5. Pablo Sandoval – After wrestling to lose weight and change his name to Sandrectangle, Pablo embraced his girth and hit 23 homers last year. Still this guy’s big question mark is where does he find pants that fit him? Oh, and is the power for real? It looks like it is plus or minus 2 homers from the 23 last year. Maybe he can pass his cure of blimpotence over to Billy Butler. Also, similarly to Butler, Sandoval’s got a way with the good average. After a flukey injury sidelined him last year expect a nice step forward. 2012 Projections: 80/27/95/.320/3
6. Ryan Zimmerman – In my special no-no area, I have a tingling sensation that Zimmerman’s about to have a huge year. He’s 27, an age when hitters really hit their prime, and he’s proven before that he can hit 30+ homers if he stays healthy. Mummify him in bubble wrap and send him out to take grounders! 2012 Projections: 80/27/100/.290/5
7. Brett Lawrie – Yeah, I ranked him pretty high. We’re going to talk about two hypothetical scenarios. First scenario has you drafting Lawrie before your leaguemates. All your leaguemates groan, they all wanted him. Lawrie starts off the season slow and people are glad they didn’t draft him. (Or he starts off fast. Either scenario work for this scenario. We’ll call these Scenarios 1A and 1B.) Then he turns things around in 1A, everyone wants him. Or he continues pounding the ball in 1B and everyone still wants him. You could trade him for a much more valuable piece or you can ride the wave. Second scenario (2A), you draft Aramis, he gets hurt in May and no one wants him, not even you. Then Aramis comes back and hits, but still no one wants him because people don’t trust him to stay healthy. Or (2B) you trade Aramis for less than his worth because you just want to be done with him and then he continues to hit and you get an ulcer. In 1A and 1B, you have Lawrie or whatever you want (within reason and depending on what your state constitution allows). In 2A, you have a piece you don’t even want and an ulcer (2B). I also went over my Brett Lawrie 2012 fantasy. 2C click the link. 2012 Projections: 90/20/70/.290/24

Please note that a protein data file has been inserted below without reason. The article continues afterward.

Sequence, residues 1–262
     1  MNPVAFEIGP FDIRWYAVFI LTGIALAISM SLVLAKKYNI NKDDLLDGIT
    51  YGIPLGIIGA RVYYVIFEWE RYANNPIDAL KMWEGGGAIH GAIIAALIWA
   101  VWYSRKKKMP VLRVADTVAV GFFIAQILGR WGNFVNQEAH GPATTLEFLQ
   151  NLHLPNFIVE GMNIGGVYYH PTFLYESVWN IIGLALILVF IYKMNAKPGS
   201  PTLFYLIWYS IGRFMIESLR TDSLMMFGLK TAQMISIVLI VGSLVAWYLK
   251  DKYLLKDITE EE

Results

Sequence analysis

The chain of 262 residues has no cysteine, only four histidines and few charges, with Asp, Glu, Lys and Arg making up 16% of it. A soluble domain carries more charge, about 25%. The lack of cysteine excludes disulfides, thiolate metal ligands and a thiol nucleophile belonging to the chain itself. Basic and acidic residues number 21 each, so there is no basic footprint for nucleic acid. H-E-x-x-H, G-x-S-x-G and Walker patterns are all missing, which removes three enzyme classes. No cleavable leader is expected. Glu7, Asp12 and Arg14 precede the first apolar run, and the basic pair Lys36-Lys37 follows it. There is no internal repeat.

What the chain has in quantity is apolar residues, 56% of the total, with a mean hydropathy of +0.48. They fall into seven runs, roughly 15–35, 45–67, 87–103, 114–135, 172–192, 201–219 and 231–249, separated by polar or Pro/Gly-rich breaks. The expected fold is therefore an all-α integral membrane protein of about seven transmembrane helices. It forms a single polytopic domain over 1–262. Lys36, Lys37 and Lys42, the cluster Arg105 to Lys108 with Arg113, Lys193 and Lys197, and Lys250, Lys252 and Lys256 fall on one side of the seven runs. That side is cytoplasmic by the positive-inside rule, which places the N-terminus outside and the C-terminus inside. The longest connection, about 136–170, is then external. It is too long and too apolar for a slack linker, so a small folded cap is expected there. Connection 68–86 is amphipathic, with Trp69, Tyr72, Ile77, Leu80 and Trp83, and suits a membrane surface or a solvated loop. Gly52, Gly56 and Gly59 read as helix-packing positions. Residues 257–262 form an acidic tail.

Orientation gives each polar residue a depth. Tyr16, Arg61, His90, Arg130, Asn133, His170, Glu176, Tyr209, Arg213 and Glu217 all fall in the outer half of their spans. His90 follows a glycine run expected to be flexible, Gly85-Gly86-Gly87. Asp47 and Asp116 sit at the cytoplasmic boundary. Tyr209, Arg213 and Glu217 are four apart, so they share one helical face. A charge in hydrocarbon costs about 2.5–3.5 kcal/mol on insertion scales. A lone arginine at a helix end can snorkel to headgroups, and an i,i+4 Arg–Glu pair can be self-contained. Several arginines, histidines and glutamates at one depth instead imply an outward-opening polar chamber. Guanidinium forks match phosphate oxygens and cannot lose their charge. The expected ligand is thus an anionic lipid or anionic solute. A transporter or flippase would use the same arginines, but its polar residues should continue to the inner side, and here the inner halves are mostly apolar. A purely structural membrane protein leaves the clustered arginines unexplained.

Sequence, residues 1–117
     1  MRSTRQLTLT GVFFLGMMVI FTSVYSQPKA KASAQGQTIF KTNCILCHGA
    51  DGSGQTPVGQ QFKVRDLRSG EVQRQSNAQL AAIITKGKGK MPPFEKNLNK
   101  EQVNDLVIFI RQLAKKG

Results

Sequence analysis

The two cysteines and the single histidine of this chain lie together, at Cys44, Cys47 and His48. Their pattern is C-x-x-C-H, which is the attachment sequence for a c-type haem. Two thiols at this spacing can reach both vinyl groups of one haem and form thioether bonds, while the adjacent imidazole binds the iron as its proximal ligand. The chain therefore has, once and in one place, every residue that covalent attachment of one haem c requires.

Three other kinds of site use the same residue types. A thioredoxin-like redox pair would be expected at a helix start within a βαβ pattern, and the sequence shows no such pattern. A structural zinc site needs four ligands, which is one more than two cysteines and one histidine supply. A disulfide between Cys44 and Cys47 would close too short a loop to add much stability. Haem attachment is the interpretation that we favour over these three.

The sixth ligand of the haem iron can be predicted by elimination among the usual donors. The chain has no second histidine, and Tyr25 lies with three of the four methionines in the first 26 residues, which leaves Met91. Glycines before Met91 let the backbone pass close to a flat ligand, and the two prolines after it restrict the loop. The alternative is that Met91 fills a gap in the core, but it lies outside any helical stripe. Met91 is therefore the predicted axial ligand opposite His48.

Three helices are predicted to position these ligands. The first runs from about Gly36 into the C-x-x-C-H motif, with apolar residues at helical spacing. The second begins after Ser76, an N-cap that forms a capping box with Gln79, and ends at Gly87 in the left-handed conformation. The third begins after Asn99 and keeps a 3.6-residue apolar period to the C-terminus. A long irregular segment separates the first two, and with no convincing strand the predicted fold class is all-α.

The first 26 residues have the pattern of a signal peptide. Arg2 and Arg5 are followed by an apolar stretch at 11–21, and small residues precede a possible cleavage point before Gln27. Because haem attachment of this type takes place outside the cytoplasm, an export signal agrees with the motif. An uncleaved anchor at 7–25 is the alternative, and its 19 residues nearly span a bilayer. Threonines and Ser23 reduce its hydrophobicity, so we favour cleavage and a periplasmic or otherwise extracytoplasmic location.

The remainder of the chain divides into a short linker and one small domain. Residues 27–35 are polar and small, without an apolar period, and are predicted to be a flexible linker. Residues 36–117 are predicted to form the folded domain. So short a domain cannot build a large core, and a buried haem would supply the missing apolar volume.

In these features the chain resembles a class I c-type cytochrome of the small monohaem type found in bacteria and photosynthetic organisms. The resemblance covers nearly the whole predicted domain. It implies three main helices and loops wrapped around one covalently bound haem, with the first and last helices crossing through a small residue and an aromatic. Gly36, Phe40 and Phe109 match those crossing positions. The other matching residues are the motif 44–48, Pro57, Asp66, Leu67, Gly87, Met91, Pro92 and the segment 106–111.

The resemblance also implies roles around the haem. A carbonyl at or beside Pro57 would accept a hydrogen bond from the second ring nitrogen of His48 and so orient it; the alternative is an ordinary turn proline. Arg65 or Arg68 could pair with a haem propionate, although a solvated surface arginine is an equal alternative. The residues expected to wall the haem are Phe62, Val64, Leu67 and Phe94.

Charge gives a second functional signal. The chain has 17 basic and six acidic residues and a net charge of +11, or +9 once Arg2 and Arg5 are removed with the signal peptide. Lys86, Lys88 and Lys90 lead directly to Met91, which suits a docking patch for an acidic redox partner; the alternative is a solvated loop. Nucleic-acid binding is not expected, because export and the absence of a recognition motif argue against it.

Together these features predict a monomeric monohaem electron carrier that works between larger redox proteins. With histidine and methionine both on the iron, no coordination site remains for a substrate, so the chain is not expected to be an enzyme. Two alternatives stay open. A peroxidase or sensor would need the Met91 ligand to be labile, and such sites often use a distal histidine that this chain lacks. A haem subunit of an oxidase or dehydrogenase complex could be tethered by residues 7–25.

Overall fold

8. Alex Rodriguez – When I was doing my research for A-Rod, I was looking through some of his past years — 52 homers, 18 steals in 2001, 57 homers and 9 steals in 2002 — how again did we not know there was steroids in baseball? I mean, every BBWAA member is saddened and disheartened and synonym now when they talk about these players besmirching the good name of baseball. Why weren’t they saddened etc. when it was going on? Wasn’t it obvious? I wasn’t bothered because during these years I was smoking weed. Was every BBWAA member high? Any the hoo! A-Rod’s presumably clean of the clear now, but his body is breaking down because of the years on it. That’s his question mark. Can he stay healthy? I have my doubts. 2012 Projections: 70/24/85/.270/5